Good Growth for Cities report highlights Oxford’s economic resilience

Good Growth for Cities

The latest Good Growth for Cities report, published by PwC, has revealed Oxford’s economic resilience despite the pressures of the COVID-19 pandemic.

The report, which looks into the economic impact of coronavirus on local and regional economies across the UK, highlighted how several cities – including Oxford – have benefited from a ‘sectoral mix’ with its ‘performance on broader economic and social indicators’ helping to provide resilience.

Good Growth for Cities measures the performance of the UK’s largest cities against 10 indicators that the public think are most important when it comes to economic wellbeing. The Index was developed by PwC and the think tank Demos in the aftermath of the financial crisis in response to the sense that we need to look beyond GDP headlines to measure economic success.

Two cities in the South West – Bristol and Swindon – are in the top fifteen of this year’s Good Growth for Cities index. Bristol ranks sixth out of 42, Swindon 11th.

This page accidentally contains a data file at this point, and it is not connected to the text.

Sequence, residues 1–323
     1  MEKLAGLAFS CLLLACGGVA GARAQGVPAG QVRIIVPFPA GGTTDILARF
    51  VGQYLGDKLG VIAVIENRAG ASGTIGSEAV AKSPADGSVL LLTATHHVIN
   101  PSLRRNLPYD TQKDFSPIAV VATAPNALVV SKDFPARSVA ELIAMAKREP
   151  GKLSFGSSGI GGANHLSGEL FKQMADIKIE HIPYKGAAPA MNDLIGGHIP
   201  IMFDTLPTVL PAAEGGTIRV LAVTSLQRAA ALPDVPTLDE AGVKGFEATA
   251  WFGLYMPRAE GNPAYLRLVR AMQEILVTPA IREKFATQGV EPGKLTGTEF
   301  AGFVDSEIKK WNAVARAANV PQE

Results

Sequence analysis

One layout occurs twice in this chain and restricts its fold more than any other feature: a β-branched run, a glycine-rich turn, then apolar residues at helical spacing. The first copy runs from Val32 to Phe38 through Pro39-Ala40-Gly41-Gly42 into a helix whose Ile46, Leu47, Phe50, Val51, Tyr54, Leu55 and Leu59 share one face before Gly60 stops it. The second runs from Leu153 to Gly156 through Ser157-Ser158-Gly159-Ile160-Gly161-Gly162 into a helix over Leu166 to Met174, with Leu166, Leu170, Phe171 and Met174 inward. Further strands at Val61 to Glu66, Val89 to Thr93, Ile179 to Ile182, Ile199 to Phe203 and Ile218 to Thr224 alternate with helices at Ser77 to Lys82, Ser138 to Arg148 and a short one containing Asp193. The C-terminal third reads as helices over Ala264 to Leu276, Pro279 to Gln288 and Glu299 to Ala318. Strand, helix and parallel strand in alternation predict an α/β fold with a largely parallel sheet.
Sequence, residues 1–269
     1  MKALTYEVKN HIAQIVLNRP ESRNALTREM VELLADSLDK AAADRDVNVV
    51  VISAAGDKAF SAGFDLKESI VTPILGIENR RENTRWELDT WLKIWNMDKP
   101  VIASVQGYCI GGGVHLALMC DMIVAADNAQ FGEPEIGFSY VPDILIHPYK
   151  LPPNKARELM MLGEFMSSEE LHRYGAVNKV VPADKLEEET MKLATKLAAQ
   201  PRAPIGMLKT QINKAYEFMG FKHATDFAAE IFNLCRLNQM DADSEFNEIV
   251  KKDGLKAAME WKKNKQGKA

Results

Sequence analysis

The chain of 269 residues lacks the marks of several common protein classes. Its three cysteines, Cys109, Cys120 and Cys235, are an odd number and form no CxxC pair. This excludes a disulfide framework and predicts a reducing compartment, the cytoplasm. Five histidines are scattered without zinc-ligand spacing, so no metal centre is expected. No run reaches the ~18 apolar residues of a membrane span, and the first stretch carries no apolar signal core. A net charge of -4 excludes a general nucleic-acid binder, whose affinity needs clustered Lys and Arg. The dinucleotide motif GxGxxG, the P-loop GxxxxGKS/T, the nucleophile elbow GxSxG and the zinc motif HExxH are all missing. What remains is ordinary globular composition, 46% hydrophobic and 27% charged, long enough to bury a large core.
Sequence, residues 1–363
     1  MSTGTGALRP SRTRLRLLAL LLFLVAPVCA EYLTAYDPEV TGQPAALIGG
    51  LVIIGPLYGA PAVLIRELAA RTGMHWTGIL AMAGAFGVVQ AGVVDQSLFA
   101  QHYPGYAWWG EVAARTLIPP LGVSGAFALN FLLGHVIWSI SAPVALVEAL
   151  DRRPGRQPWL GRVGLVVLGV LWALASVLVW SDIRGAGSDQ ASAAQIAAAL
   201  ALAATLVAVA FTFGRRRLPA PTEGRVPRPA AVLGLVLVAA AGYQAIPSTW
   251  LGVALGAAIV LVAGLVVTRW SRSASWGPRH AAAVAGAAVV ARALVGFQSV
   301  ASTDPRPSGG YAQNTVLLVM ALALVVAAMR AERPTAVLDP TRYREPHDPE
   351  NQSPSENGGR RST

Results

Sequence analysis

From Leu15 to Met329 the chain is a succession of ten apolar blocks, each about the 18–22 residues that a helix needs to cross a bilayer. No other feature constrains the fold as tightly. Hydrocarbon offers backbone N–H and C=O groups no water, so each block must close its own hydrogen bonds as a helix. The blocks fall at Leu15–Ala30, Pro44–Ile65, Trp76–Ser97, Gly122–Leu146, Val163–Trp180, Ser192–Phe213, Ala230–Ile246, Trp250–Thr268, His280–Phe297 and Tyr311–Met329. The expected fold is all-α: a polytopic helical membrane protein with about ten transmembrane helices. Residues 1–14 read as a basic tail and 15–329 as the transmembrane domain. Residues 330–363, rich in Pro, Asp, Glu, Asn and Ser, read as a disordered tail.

Seven out of nine cities in the South East score above the UK average, with Oxford, Reading and Southampton ranking first, second and third respectively in the national index.

In the report’s index of cities, Oxford increased its lead in first place. The report stating that ‘Oxford performs particularly strongly in jobs, income, health and skills of the adult population, scoring within the top five cities for each of these variables.’

The index tracks the factors that the public consider most important to their economic wellbeing, namely; health, jobs, housing and income ranked as the most important of its 10 economic and social factors, followed by skills, the environment, transport, income distribution, work-life balance and business start-ups.

Meanwhile, the report revealed around 6.3 per cent of eligible businesses in Oxford took up the government’s Coronavirus Job Retention Scheme.

One further piece of analysis showed scores for the 38 Local Enterprise Partnership areas in England, with Oxfordshire coming in second place.